The picture shows the time-averaged flow structures in the wake of a simplified ICE2 train. To understand the flow around a vehicle in fundamental terms is the key to reduce the aerodynamic drag and thereby also the energy consumption.
The aim of the project is to investigate how energy can be saved for regional and freight trains by improving trains' aerodynamic properties. Running resistance of trains consist of rolling resistance which is proportional to trains velocity and aerodynamic drag which is proportional to the squared speed. Even though freight trains travels at speeds slower than regional and much slower than high speed train (HST), considerable energy can be saved by improving the aerodynamics.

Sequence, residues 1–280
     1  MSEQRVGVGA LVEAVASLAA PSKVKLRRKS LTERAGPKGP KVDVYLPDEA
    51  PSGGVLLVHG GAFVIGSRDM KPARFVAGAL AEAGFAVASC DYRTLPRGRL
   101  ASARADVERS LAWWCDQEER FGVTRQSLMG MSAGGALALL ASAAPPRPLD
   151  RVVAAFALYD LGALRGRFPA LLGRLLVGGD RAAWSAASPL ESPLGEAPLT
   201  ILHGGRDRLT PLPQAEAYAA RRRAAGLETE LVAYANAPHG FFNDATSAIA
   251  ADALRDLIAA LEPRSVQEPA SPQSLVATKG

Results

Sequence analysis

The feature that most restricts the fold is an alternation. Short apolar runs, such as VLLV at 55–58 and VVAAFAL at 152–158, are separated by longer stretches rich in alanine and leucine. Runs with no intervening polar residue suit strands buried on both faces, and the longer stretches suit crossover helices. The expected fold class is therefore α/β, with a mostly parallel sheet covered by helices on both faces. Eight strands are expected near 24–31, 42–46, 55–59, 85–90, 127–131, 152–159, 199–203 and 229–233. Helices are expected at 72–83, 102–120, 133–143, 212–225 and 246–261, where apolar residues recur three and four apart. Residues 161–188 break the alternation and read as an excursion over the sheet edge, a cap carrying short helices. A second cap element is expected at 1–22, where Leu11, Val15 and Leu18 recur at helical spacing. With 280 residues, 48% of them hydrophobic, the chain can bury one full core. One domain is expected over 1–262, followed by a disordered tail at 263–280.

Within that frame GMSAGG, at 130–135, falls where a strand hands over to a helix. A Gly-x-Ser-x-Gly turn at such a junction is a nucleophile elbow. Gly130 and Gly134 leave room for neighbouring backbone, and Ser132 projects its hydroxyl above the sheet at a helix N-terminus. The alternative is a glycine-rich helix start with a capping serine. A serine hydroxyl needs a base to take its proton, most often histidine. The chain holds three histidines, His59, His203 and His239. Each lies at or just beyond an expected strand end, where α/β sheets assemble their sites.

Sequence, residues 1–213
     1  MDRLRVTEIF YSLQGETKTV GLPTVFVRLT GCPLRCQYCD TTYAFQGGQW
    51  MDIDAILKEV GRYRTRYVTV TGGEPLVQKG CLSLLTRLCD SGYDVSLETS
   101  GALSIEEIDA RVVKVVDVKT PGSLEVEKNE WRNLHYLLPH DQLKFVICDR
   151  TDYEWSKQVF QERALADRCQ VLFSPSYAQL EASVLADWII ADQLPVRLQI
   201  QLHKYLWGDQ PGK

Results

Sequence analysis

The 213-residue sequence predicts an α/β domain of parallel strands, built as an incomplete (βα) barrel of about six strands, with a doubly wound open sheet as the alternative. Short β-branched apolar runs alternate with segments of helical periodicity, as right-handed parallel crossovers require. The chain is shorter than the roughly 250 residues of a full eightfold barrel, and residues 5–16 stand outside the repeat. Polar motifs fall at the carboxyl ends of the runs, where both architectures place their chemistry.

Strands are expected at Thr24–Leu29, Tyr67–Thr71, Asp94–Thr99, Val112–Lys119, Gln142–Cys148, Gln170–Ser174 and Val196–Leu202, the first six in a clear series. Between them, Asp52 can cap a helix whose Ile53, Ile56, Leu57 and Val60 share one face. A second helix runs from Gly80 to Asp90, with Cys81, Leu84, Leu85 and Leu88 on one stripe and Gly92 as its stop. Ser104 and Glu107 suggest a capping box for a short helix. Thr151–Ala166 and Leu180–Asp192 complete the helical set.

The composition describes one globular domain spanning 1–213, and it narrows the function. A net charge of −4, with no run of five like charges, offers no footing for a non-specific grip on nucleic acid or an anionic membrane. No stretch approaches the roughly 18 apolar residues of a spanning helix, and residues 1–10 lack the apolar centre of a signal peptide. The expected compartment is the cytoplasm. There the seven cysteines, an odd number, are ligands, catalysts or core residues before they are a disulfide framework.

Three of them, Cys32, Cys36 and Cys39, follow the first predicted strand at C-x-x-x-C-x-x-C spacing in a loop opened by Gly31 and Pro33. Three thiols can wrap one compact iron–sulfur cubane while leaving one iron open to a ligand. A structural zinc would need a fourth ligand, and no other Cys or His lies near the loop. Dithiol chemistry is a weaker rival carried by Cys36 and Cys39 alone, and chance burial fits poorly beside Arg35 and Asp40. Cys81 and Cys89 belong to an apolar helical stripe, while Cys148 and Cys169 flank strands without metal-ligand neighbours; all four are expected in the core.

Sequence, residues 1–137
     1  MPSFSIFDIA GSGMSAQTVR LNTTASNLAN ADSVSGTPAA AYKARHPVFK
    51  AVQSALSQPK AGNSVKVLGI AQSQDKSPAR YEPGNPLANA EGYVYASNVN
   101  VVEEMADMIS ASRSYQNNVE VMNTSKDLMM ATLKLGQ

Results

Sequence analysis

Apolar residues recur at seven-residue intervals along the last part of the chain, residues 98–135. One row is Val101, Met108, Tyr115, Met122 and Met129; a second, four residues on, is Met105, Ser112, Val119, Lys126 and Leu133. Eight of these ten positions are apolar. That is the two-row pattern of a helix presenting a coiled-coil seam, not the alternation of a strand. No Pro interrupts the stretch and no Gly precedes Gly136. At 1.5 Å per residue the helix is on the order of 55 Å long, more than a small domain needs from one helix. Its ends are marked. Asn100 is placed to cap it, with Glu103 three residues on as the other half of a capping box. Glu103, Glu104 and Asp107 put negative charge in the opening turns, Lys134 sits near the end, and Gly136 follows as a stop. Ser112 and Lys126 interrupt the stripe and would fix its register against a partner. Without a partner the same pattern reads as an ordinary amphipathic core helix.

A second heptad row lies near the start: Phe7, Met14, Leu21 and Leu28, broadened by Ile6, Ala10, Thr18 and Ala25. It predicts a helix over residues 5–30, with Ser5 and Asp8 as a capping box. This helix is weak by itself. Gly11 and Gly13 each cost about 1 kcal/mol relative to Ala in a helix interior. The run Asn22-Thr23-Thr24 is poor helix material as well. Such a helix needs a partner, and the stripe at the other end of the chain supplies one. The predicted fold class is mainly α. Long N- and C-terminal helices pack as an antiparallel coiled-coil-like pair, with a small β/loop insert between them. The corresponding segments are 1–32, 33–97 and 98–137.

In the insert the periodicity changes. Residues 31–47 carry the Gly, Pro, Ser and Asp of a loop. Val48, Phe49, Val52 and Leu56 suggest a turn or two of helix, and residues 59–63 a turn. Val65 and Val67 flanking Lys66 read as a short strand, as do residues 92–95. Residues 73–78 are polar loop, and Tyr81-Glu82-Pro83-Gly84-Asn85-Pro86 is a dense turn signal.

The flow around a train body is a so called bluff body flow, which means that it is dominated by flow separation that creates large vortex structures. These vortices decreases the air pressure which increases the drag. The project will study add-on devices capable to improve energy efficiency of existing regional and freight trains. Add-on devices such as side skirts, enclosing of inter-car gaps, placement of so called vortex generators, deflectors and fins at the front of the rail cars will be studied using numerical methods. The aim of the project is to proposse concrete improvements of energy efficiency of existing trains in Sweden.